Navy pilot Alan Shepard became the first American to reach space on May 5, 1961 — 55 years ago this week. His capsule sat atop the Mercury-Redstone 3 rocket, propelled by a single engine that produced 78,000 pounds of thrust.
Although space flight still remains the domain of astronauts and a few fit millionaires who can pay their way to orbit, most of us can experience multiples of the power Shepard was riding every day. New Lufthansa Boeing 747-8 aircraft, for example, which shuttle daily between major global destinations, come endowed with four GEnx-2B engines that generate a combined 266,000 pounds.
In April, GE Aviation started testing the world’s largest jet engine, the GE9X. Early in May, it hit 105,000 pounds of thrust at GE’s test stand in Peebles, Ohio. Boeing’s next-generation wide-body jet — the 777X — will have one of these giants slung under each wing.
The GE9X engine is so new and so large that GE Aviation engineers reached out to colleagues in other GE businesses with experience in building really big machines to help out. Workers at GE Oil & Gas in Massa, Italy, who build towering power plants for oil and gas fields, helped test the engine’s compressor. A massive computer-controlled mill (see below) at GE Power’s brand-new factory in Greenville, South Carolina, machined the engine’s huge compressor blades. GE calls this exchange of technology and ideas the GE Store.
But how much, exactly, is 105,000 pounds of thrust? Take a look.
In 1942, a top-secret group of GE engineers built the first American jet engine. Called I-A, the engine produced just 1,300 pounds of thrust. But just a few years later, the company’s second production engine, the J33, developed to power America’s first operational fighter jet — the Lockheed P-80 Shooting Star — generated 4,200 pounds. In 1946, the plane set a transcontinental speed record flying from New York to California in 4 hours and 13 minutes. At 584 mph, the Shooting Star was faster than any plane flown by either side in World War II. The J33 was also the first U.S. jet engine with an axial compressor (see below), the same kind that now powers virtually all jet engines, including the GE9X. True to the GE Store, the company originally developed the design for steam turbines.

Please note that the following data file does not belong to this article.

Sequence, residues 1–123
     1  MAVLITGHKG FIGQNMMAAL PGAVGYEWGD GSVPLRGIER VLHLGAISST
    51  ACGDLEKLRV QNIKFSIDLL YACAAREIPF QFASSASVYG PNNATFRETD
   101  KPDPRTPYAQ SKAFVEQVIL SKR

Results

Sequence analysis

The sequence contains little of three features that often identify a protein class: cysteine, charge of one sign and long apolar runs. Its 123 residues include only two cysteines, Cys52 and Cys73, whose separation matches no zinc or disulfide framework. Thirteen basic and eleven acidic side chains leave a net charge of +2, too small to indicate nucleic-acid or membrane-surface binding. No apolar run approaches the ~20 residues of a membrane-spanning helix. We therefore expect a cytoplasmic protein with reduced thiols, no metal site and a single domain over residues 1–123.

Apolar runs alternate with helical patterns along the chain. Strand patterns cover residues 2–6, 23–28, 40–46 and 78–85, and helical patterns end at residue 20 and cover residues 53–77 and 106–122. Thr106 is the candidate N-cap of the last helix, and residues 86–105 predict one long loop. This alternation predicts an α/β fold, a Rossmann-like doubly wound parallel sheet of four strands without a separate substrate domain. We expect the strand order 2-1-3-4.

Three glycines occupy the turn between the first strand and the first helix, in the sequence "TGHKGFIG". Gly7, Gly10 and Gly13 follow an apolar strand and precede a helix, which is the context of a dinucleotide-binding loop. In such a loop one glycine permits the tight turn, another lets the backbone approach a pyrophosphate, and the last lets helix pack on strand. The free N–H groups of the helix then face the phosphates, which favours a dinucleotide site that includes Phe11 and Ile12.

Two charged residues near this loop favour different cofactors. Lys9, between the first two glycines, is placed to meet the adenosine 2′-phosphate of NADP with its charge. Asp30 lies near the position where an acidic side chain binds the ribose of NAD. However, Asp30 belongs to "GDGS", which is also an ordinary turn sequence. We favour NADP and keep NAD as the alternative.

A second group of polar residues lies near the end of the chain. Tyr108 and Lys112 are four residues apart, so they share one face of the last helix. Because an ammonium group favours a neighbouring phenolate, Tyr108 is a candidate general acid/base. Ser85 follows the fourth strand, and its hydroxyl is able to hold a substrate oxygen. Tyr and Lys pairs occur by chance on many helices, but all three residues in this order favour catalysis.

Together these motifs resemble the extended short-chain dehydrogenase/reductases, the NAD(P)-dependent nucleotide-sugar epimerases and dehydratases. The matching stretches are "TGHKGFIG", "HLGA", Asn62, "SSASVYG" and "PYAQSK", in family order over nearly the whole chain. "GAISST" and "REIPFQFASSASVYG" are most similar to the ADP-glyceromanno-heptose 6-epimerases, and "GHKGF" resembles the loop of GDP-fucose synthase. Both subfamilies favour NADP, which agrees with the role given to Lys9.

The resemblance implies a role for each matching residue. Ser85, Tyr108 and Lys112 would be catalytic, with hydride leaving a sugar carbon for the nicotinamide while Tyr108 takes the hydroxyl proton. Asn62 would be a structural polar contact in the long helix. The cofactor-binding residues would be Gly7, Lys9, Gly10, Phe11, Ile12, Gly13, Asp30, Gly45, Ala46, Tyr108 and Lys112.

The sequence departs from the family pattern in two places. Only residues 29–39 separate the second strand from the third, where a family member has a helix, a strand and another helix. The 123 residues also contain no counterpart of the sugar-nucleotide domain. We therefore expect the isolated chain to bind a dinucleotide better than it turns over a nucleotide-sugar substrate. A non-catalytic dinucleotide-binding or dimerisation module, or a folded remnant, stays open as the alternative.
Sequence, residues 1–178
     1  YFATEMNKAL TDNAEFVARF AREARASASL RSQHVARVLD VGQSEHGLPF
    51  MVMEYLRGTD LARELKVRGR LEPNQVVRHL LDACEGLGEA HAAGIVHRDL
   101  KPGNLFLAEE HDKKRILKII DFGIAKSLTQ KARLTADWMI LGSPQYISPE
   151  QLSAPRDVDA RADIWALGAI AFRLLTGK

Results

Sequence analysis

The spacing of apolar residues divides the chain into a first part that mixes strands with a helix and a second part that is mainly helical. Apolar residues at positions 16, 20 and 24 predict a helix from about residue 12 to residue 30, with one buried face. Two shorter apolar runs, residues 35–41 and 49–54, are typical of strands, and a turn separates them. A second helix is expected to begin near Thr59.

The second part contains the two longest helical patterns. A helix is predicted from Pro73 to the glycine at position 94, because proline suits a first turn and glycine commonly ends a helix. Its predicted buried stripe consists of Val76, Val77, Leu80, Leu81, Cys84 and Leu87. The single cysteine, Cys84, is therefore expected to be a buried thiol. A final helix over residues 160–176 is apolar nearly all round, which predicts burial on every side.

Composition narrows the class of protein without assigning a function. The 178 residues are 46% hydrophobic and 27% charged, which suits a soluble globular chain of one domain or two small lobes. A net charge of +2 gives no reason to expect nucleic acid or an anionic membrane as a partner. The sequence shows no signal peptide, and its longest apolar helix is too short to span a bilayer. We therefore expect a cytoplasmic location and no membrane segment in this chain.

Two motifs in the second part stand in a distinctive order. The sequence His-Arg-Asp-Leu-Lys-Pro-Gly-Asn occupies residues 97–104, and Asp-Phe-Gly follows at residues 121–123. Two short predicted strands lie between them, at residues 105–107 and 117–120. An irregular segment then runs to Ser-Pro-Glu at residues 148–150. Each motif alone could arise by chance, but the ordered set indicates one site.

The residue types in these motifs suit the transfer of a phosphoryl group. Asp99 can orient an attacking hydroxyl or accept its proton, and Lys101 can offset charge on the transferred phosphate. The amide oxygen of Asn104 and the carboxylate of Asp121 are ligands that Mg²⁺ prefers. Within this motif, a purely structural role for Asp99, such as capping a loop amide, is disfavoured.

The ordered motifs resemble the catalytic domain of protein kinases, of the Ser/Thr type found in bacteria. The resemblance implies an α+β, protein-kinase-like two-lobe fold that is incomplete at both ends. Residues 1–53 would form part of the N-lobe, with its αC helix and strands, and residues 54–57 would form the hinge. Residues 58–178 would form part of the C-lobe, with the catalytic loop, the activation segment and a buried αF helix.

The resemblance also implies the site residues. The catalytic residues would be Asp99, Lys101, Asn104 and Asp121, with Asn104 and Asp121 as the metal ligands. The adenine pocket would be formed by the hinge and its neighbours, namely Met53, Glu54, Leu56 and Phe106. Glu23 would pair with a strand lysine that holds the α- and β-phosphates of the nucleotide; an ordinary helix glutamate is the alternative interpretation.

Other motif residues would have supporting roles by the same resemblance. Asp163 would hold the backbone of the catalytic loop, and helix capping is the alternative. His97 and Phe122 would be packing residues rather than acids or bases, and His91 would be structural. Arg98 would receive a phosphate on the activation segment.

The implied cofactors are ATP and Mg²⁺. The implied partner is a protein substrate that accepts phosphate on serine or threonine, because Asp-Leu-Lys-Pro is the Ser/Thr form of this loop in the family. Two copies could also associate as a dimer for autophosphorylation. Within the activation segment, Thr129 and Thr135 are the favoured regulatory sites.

GE Aviation’s F414 engines power a range of fighter jets, from Boeing’s Super Hornet to Saab’s next-generation Gripen. Each F414 engine generates 22,000 pounds of thrust.
GE Aviation also designed jet engines for the Air Force One fleet, a pair of highly customized Boeing 747 planes that U.S. presidents use for travel. The current aircraft use four CF6-80C2 engines, which can generate as much as 61,960 pounds each. Four GEnx-2B engines will power the new Air Force One, which will replace the existing fleet sometime after 2017. They produce 66,500 pounds each.
Modified jet engines also serve as power plants on ships and elsewhere. A total of 33 navies around the world use the LM2500 marine gas turbine to power their vessels. The core of the turbine comes from the CF6-6 jet engine, which generates 40,000 pounds. It was developed in the late 1960s to power Douglas DC-10 planes.
The LM2500 also powers large passenger ships, including the Queen Mary 2, and the world’s fastest ship, the Francisco, which can reach 58.1 knots (107.6 kilometers per hour).
The GE9X is the largest jet engine in the world, as wide as the body of a Boeing 737. But it’s not the most powerful. That title belongs to its parent, the GE90, which today powers most Boeing 777 planes. In 2002, a GE90-115B jet engine set the world record by producing 127,900 pounds of thrust.
The GE90-115B ran for approximately 60 hours at triple-red-line conditions (maximum fan speed, core speed and exhaust gas temperature) to evaluate the engine at its operational limits and demonstrate its capability beyond the most extreme operating conditions.